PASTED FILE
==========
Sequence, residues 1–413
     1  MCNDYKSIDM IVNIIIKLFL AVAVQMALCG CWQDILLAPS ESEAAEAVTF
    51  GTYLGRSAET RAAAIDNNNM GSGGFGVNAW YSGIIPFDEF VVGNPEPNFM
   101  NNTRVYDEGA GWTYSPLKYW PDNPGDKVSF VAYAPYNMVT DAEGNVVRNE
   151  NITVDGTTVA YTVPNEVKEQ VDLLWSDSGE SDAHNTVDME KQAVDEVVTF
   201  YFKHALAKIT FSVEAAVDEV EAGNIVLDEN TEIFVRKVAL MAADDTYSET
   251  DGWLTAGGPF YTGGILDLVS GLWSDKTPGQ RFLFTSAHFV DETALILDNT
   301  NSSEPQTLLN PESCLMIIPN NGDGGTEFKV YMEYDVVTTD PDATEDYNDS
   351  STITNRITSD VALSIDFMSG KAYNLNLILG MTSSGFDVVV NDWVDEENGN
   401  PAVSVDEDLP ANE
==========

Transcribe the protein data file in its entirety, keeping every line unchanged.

Sequence, residues 1–413
     1  MCNDYKSIDM IVNIIIKLFL AVAVQMALCG CWQDILLAPS ESEAAEAVTF
    51  GTYLGRSAET RAAAIDNNNM GSGGFGVNAW YSGIIPFDEF VVGNPEPNFM
   101  NNTRVYDEGA GWTYSPLKYW PDNPGDKVSF VAYAPYNMVT DAEGNVVRNE
   151  NITVDGTTVA YTVPNEVKEQ VDLLWSDSGE SDAHNTVDME KQAVDEVVTF
   201  YFKHALAKIT FSVEAAVDEV EAGNIVLDEN TEIFVRKVAL MAADDTYSET
   251  DGWLTAGGPF YTGGILDLVS GLWSDKTPGQ RFLFTSAHFV DETALILDNT
   301  NSSEPQTLLN PESCLMIIPN NGDGGTEFKV YMEYDVVTTD PDATEDYNDS
   351  STITNRITSD VALSIDFMSG KAYNLNLILG MTSSGFDVVV NDWVDEENGN
   401  PAVSVDEDLP ANE